The two-party system creates division and forces identification with ideologies that one may not believe in, leading to a vote about the party not the person.
The system has been a core part of American politics since the creation of the states. Although there have been changes as to what beliefs are associated with these groups, Americans have mostly been identified with being either a Democrat or Republican. This need to identify with these groups is where the first problem starts to arise.
Lee Drutman, a political scientist at the New America Foundation, states in his book “Breaking the Two-Party Doom Loop,” “Given only two viable choices, all voters must align themselves with one vision, which makes it hard to register their ambivalences.”
Not every person agrees with what a political party stands for. There are a multitude of people who may agree with some ideals from the Democratic party and the Republican party.
The political system almost forces one to align with one of these parties or risk your vote being cast aside, leaving the final verdict unaffected.
This political system also encourages division between those who lie within different parties. As time goes on, it feels like the tension between the left and right only gets worse.
In a study done by Pew Research Center it shows that 72% of Republicans regard Democrats as more immoral, and 63% of Democrats believe this about Republicans.
This is just the beginning as more studies were done and similar results were shown with traits such as dishonesty and close-mindedness. This system that was supposed to lead with pride in your own ideals has led to disgust in others.
The appearance of a dominated political party system was something that a few of the founding fathers had been afraid of from the very beginning.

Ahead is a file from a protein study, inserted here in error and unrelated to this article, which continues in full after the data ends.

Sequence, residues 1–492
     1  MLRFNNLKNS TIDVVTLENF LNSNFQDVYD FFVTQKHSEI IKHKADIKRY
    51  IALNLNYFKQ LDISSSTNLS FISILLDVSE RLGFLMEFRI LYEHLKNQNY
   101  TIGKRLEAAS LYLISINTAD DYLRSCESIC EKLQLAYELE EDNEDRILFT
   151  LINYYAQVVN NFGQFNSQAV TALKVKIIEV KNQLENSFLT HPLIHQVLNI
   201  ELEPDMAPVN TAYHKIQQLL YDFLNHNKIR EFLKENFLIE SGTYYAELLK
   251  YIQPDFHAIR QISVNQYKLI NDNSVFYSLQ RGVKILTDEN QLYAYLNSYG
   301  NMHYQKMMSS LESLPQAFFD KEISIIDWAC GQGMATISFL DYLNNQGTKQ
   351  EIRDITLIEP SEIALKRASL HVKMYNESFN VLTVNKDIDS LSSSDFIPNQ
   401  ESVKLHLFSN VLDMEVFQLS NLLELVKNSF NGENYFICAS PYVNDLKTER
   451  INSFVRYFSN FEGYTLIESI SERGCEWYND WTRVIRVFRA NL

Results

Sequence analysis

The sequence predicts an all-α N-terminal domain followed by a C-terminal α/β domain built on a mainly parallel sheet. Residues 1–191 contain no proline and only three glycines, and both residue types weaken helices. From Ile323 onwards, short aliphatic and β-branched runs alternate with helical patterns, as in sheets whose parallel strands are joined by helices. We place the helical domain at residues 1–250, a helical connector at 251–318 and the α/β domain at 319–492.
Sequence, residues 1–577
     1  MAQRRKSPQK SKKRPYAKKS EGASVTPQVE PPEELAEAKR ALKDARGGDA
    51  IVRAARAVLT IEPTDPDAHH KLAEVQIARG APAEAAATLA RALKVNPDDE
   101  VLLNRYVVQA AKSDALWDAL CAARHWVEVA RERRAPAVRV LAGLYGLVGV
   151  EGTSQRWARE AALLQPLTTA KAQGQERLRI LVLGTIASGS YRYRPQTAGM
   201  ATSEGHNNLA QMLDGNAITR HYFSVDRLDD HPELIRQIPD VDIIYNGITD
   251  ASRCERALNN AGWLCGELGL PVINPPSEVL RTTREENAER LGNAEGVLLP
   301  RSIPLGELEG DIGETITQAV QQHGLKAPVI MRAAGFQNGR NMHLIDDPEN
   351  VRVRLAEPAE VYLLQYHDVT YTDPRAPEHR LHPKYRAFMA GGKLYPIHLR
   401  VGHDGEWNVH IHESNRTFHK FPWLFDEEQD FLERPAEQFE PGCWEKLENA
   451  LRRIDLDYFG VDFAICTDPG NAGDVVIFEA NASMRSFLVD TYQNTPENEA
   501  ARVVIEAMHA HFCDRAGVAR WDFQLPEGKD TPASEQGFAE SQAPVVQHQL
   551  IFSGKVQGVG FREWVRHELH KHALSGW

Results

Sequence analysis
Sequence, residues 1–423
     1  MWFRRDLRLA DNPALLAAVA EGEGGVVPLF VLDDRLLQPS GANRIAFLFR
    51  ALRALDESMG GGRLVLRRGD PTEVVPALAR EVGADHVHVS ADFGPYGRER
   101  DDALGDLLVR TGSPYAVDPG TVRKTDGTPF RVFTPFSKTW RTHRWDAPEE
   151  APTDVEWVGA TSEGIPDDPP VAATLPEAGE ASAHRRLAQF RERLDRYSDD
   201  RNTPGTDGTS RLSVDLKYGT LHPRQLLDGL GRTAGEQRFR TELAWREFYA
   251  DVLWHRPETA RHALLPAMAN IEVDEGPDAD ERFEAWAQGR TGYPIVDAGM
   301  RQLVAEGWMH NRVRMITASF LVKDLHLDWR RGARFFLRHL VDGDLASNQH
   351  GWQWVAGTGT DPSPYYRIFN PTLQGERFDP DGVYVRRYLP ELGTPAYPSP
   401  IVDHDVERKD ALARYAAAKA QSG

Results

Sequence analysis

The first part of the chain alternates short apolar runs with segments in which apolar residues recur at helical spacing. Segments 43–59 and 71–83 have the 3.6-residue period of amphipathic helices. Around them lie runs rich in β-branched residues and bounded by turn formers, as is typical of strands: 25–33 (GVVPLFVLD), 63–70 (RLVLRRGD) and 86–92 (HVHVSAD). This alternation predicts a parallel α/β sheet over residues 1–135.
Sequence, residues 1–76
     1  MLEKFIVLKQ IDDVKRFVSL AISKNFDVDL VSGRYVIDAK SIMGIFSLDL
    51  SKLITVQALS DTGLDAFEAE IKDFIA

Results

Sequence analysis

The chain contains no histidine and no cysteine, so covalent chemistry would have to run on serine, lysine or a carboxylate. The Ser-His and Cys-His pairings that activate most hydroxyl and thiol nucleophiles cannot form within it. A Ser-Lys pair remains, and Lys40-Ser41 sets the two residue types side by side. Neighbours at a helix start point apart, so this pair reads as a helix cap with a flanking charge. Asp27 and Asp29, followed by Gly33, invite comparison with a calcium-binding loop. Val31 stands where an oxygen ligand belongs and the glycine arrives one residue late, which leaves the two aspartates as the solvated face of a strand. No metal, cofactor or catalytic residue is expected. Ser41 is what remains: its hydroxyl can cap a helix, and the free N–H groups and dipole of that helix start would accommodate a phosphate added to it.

Alexander Hamilton states that he believed political parties were “the most fatal disease.” James Madison, who had worked with Hamilton on the federalist papers, wrote in “Federalist 10” that a “well-constructed Union” should be “its tendency to break and control the violence of faction.” Because of this, people began to vote based on the party that the candidate belongs to.
Another study done by Pew Research Center shows that 122 of 139 U.S. Senate elections from 2012 to 2020 “have been won by candidates who belonged to or were aligned with the party that won that state’s most recent presidential race.”
Although this does not directly mean that people are only choosing based on their political party, it shows a direct contrast to how it was in prior years as in 2006 almost a third of the senate contests (10 out of 33) were won by candidates who were a different party from the previous pick.
Everyone should take a step back and start looking at each other as real people again, not as a member of a certain political party. Parties create division, and what you need to truly run a country is union. Through union will come change. Once again people should start voting not for the party in which a candidate represents, but for the character and ideas that the person brings.